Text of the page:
From the publishers of THE HINDU
VOL.34 :: NO.17 :: Apr. 28, 2011
Every generation has a bunch of invincibles, a collection of individuals who tower above the rest. Barcelona's home-grown talents have clearly fulfilled every criterion to assume that role in the early part of the 21st century.
In defying the conventional wisdom that governs modern soccer — the ostensible requirement of physical, athletic players; a balanced team and adaptability of style — Barca has brought about a paradigm shift in the way the game is perceived and played. The club has run its own course, chosen its own pace, and fabricated a unique style, making the beautiful game even more so.
The magnificence of Messi, the incisiveness of Iniesta, the genius of Guardiola; every night that Barca takes the field, it leaves the entire world spellbound, stupefied by the sheer brilliance of its play. With eight trophies in the last three seasons and a 30-game unbeaten streak in the La Liga, the team looks truly invincible and is set to retain its Spanish League crown. The chances of netting another Champions League title also look brighter than ever.
With six games remaining in the Spanish league, Barca has amassed 85 points and is sure to shatter the previous record of 99 points for a season that it had set only last year. The dominance of the Catalunya giant has seen it breach the opposition's defence 86 times. The mere 17 goals it has conceded bury the loose talk about its allegedly inept backline.
Even in the tougher, more competitive UEFA Champions League setup, Barcelona has been prolific in scoring goals, finding the net 24 times (averaging 2.4 strikes per game) while conceding only seven. However, the essence of the outfit is so much more than the goals scored and points secured. It is the manner in which Barca has gone about its business that draws the most awe.
“Barcelona is that type of team that when it plays, you don't want to miss it. It's almost like a passion,” says former Brazilian captain Socrates.
Barcelona's style is breathtaking to watch, impossible to match. Top sides always prey on weaker opposition and in such typically one-sided affairs it is not unlikely that the victor controls 60 percent of the ball possession, maybe even more. But this season, in its La Liga games, Barca threw that logic out of the book, as it averaged close to a staggering 72 per cent of possession in 32 matches, against all teams, strong and weak. In the Champions League it controlled 61 per cent of play in 10 outings and this against the elites of Europe.
Arsenal, which fancies itself as the most creative of teams in the otherwise industrious English Premier League, was beaten fair and square at Camp Nou in the second leg of the Champions League pre-quarterfinal as the host, Barcelona, literally toyed with it, retaining 74 per cent of the ball.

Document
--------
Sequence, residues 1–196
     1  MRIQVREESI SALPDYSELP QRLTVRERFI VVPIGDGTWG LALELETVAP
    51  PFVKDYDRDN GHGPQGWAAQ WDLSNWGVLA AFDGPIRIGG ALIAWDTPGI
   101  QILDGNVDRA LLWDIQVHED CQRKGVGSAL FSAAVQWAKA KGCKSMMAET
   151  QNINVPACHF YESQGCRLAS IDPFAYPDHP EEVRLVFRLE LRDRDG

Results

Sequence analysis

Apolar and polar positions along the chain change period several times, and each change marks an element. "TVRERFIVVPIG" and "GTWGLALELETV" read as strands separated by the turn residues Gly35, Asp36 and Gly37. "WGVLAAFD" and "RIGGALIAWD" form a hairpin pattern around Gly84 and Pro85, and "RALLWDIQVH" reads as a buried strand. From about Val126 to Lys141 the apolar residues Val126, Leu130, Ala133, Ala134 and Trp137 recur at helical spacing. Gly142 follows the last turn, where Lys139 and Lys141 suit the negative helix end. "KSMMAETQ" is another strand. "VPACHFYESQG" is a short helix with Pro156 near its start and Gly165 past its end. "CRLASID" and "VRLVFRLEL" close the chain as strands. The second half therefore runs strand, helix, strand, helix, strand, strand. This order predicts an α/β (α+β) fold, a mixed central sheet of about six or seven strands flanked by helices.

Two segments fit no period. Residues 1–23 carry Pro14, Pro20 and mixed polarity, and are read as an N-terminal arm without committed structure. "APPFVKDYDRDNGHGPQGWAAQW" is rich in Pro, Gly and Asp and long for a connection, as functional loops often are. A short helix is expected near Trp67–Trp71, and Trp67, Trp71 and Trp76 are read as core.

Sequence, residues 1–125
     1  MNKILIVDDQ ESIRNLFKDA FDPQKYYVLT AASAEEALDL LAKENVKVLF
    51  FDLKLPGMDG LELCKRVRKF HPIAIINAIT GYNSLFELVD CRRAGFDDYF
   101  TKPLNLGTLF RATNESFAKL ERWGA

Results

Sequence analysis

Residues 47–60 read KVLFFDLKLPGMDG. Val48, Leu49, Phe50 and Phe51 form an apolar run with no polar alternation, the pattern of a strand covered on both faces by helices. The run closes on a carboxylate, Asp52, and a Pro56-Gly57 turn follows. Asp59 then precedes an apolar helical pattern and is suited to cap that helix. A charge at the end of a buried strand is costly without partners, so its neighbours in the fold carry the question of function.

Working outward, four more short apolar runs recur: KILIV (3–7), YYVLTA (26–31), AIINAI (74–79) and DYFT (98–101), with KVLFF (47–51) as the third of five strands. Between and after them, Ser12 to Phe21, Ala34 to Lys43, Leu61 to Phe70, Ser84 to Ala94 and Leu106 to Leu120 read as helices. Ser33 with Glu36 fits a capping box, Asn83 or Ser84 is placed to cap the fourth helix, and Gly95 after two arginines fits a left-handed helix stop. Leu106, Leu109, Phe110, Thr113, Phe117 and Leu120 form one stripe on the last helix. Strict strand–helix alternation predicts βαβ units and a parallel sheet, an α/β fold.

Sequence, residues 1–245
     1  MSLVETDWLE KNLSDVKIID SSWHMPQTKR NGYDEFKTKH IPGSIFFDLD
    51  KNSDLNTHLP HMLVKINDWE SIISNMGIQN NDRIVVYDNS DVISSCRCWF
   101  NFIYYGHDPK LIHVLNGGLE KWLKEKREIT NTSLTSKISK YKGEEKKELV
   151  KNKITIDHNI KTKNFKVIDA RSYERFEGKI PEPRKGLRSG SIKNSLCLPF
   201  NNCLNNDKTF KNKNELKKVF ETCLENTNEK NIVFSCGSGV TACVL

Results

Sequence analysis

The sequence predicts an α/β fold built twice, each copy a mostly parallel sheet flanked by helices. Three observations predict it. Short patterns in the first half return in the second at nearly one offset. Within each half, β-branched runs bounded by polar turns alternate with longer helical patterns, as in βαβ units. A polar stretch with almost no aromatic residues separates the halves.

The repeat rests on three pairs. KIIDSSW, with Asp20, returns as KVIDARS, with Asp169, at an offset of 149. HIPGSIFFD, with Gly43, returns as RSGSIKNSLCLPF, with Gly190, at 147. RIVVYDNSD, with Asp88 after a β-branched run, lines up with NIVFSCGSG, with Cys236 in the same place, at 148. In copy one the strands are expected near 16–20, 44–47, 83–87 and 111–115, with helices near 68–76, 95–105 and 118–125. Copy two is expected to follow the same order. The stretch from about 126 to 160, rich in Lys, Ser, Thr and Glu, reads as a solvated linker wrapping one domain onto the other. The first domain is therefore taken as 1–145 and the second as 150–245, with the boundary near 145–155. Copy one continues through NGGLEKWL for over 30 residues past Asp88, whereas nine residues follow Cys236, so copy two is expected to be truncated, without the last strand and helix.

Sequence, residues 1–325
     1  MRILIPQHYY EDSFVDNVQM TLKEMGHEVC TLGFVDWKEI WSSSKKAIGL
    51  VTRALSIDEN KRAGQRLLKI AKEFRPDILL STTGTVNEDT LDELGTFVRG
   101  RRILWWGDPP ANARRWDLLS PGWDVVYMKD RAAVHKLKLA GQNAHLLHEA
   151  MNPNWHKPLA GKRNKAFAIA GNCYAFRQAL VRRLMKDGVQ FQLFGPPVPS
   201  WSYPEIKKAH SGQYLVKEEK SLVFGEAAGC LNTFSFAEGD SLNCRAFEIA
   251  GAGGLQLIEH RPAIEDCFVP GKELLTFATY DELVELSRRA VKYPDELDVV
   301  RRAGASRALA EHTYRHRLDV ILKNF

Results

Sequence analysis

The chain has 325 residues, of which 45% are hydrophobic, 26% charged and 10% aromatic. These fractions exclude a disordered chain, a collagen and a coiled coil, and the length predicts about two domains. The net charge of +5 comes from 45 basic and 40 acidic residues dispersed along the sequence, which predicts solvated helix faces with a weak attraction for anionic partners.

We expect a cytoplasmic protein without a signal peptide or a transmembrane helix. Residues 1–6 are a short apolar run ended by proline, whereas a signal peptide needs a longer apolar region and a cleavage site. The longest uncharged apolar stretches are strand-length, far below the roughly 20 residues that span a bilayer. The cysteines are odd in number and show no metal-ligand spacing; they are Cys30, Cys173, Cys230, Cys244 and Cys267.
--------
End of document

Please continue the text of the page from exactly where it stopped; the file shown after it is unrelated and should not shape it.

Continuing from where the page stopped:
It's against the big teams that the Barcelona boys bring out their best. In the recent clash against arch-rival Real Madrid at the Santiago Bernabeu, Messrs Messi and Co. controlled 67 per cent of possession against the millionaires of Madrid. Despite squandering money judiciously over the past two seasons, Real has failed to break the Barcelona deadlock and has gone without a win in six El Clasico encounters, dating back to December 2008. Real's best result came recently, a hard-fought 1-1 draw at home after five defeats on the bounce, including a harrowing 5-0 drubbing at Camp Nou earlier this season. ‘Kaiser' Franz Beckenbauer singled it out and was quick to say: “One game I will never forget ... One of the best games I ever saw.”
Now after over 500 minutes of unbeaten football against Real, Guardiola and his men can duly be regarded as experts at El Clasico, the undisputed masters of the most fearful of battles in European football.
Just what is the secret that makes Barca the most dominant team of this era and allows it to be compared favourably with other elite teams of the generations past? The basic tenet that has defined Barcelona since the days of Johan Cruyff is its longing for the ball, the pursuit and preservation of possession, like an ardent lover pining for his amour. Speculative long balls and aloofness on field are considered the ultimate sins. And in the Barcelona youth academy, La Masia, where current coach Guardiola was raised and so were Messi, Xavi, Iniesta (the final three nominees of FIFA's Ballon d'Or award last season), such excesses are frowned upon from day one. The only thing taught is to love and worship the ball, to retain possession and control proceedings.
The present Barcelona side — a bulk of them La Masia graduates — follows the same philosophy to the core, where every player helps the other, where every individual exerts equal influence on the outcome of the game. From Gerard Pique and Carles Puyol (aka “Captain Psycho”), who with their rugged toughness, workmanship and killer grit lend stability to the backline, to the marauding runs from right back Dani Alves, to the perfect midfield combination of Xavi, Iniesta and Sergio Busquets, Barcelona seems to have the right players for every position. And then there is Lio Messi, the greatest of them all, whom Arsenal coach Arsene Wenger humbly admitted as the best player in the world by “some considerable margin.”
Upfront Pedro, the diminutive winger from the Canary Islands with dancing feet and David Villa (the latest acquisition), powerful and precise, complete the side which can very well fight for the title of the best football team ever.
Now that's a debate which will never have a consensus. “They come very close,” Beckenbauer says. “In this generation, Barcelona is the best team, difficult to compare with former great teams like AC Milan at the end of the '80s. In the '60s and '70s, you had (Brazilian club) Santos with Pele and Carlos Alberto. Different times, different styles of play.”
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